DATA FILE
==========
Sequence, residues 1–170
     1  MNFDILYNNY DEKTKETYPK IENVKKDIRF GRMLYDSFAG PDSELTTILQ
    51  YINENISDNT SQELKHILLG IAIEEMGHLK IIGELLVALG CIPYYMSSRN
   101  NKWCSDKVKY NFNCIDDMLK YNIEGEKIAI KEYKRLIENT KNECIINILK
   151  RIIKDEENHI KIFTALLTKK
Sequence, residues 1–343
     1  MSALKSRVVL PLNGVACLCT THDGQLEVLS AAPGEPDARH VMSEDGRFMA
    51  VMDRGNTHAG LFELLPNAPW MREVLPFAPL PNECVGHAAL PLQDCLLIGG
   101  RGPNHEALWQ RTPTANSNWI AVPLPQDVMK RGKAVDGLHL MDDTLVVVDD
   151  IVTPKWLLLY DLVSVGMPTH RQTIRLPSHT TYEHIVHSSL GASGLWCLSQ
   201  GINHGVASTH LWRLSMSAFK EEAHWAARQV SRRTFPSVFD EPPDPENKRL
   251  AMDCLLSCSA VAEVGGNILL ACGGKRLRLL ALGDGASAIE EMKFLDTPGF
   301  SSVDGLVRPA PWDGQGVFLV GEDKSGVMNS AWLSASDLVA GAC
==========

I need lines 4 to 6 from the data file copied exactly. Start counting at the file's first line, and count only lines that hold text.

   101  NKWCSDKVKY NFNCIDDMLK YNIEGEKIAI KEYKRLIENT KNECIINILK
   151  RIIKDEENHI KIFTALLTKK
Sequence, residues 1–343